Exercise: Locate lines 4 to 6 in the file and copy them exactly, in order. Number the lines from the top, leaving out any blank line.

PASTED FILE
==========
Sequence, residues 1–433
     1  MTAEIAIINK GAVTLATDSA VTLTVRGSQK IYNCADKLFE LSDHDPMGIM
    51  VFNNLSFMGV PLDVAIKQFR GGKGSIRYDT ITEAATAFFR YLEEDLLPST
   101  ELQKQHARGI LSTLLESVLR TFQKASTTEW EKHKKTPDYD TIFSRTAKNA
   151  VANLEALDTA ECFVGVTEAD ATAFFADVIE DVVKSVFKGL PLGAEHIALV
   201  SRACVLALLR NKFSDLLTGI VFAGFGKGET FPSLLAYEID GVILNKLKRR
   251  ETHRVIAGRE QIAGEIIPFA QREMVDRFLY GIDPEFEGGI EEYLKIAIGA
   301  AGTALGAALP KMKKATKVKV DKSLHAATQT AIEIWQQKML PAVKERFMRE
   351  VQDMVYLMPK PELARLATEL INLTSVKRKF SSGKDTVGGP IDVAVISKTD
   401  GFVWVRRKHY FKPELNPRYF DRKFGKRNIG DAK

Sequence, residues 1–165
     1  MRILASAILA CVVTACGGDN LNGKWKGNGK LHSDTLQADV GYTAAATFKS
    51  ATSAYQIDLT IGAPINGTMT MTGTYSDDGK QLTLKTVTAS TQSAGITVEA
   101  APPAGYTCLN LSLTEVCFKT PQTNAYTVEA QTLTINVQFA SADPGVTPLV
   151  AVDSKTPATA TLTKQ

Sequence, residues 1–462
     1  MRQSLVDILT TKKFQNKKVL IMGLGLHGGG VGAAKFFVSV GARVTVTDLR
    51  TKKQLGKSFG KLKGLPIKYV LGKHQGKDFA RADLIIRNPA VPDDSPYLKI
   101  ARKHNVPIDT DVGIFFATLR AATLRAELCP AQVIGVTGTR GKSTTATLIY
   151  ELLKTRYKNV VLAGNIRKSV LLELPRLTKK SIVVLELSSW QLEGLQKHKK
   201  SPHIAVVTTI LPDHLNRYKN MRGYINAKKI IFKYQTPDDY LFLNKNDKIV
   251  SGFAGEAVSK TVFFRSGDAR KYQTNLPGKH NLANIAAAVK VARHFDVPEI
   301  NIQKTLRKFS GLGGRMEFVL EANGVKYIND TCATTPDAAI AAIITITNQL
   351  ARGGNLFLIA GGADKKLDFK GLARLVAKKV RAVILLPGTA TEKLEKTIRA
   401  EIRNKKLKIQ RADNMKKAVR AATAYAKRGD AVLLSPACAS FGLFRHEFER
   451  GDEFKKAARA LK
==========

   101  ELQKQHARGI LSTLLESVLR TFQKASTTEW EKHKKTPDYD TIFSRTAKNA
   151  VANLEALDTA ECFVGVTEAD ATAFFADVIE DVVKSVFKGL PLGAEHIALV
   201  SRACVLALLR NKFSDLLTGI VFAGFGKGET FPSLLAYEID GVILNKLKRR